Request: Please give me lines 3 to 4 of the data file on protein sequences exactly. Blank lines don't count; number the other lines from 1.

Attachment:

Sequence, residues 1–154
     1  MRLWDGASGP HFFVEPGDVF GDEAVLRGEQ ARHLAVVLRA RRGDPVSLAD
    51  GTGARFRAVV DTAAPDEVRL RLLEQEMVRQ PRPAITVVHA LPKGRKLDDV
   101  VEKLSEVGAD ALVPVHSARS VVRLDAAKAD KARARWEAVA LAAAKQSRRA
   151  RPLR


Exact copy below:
    51  GTGARFRAVV DTAAPDEVRL RLLEQEMVRQ PRPAITVVHA LPKGRKLDDV
   101  VEKLSEVGAD ALVPVHSARS VVRLDAAKAD KARARWEAVA LAAAKQSRRA